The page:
Google laying off 12,000 employees as tech woes get worse

(FILES) In this file photo taken on June 27, 2022, a worker walks along a path at Google’s Bay View campus in Mountain View, California. – Google’s parent company Alphabet announced about 12,000 job cuts globally on January 20, 2023, citing a changing “economic reality”, becoming the latest US tech giant to enact large-scale restructuring. The layoffs come a day after Microsoft said it would reduce staff numbers by 10,000 in the coming months, following similar cuts by Facebook owner Meta, Amazon and Twitter as the previously unassailable tech sector battles a major economic downturn. (Photo by NOAH BERGER / AFP)

Alphabet, Google’s parent company, stated on Friday that it would lay off nearly 12,000 employees worldwide, citing a new economic reality as the reason for the massive restructuring.

The internet industry is bracing for an economic downturn, and the layoffs come a day after Microsoft announced it would slash worker numbers by 10,000 in the coming months. Microsoft’s announcement follows layoff announcements from Facebook owner Meta, Amazon, and Twitter.

As individuals flocked online for work, school, and pleasure during the height of the coronavirus outbreak, corporations hired rapidly to satisfy demand.

In an email to staff, Alphabet CEO Sundar Pichai reflected on the company’s “periods of dramatic growth” during the past two years.

“To match and fuel that growth, we hired for a different economic reality than the one we face today.”

Pichai stated that roughly 12,000 positions would reduce the staff due to a review conducted to ensure that employees and their responsibilities are aligned with the company’s aims.

At the end of September 2022, Alphabet had almost 187,000 employees across the globe. These layoffs amount to about 6% of the company’s overall staff.

Job losses will be felt “across departments, functions, levels of responsibility, and regions,” Pichai said.

“The fact that these changes will impact the lives of Googlers weighs heavily on me, and I take full responsibility for the decisions that led us here.”

Pichai explained that the reductions were necessary to “sharpen our focus” on essential areas such as AI.

“Being constrained in some areas allows us to bet big on others,” he explained.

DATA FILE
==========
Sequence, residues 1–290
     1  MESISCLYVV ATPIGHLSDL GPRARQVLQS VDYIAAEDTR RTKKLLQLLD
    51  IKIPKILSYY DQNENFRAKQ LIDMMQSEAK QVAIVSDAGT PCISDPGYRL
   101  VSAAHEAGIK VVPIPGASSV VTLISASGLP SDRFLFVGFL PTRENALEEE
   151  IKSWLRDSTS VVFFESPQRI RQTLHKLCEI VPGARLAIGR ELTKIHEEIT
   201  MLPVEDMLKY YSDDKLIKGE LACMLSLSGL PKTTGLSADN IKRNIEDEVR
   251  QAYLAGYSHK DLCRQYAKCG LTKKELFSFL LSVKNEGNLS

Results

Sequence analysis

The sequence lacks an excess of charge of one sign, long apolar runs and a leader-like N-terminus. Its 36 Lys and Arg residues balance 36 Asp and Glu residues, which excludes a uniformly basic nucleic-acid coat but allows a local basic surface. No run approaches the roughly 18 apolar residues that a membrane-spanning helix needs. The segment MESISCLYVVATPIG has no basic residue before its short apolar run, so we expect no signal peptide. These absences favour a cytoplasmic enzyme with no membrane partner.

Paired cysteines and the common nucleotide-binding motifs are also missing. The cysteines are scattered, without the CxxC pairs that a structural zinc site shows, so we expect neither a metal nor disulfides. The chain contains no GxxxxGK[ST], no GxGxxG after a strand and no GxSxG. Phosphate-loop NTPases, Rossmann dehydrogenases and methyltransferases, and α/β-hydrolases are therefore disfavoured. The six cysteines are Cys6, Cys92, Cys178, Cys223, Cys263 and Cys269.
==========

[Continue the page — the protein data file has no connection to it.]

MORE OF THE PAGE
Search giant Google is feeling the heat from Microsoft-backed chatbot ChatGPT, which can produce human-like material in seconds.

Microsoft claims it will utilise the innovation to improve Bing, its search engine competitor with Google.

New York Times reports that in response to the chatbot danger, Google has enlisted the assistance of co-founders Larry Page and Sergey Brin, who have stepped away from their day-to-day positions at the internet giant.

Brin and Page reportedly gathered with Google officials on multiple occasions last month to brainstorm.

Google did not respond to The New York Times’s article.

Google spokeswoman Lily Lin stated, “We have long been focused on developing and deploying AI to improve people’s lives.”

“We continue to test our AI technology internally to make sure it’s helpful and safe, and we look forward to sharing more experiences externally soon.”

Pichai offered severance packages for U.S. employees, which included at least 16 weeks of salary, a bonus for the year 2022, paid vacations, and health insurance for six months.

He insisted that he was “optimistic about our ability to deliver on our mission, even on our toughest days.”

Wall Street received the cuts well, which sent Alphabet’s stock price soaring by more than 5% at the close of trading.

Meta’s stock price is up 35% since it announced 11,000 job cuts on November 9, while Amazon’s stock has increased 13% since it let go of 18,000 employees earlier this month, mirroring the effect of layoffs on other digital companies.

The foremost wigs in the tech industry reportedly overspent before because they failed to anticipate a slowdown.

Wedbush Securities’ Daniel Ives remarked that the layoffs illustrate years of wasteful expenditure in an industry experiencing “hypergrowth.”

“The reality is tech stalwarts overhired at a pace that was unsustainable and now darker macro is forcing these layoffs across the tech space,” he said.

Without counting the layoffs announced by Alphabet on Friday, the tech news site reports that approximately 194,000 industry workers have lost their employment in the United States since the beginning of 2022.

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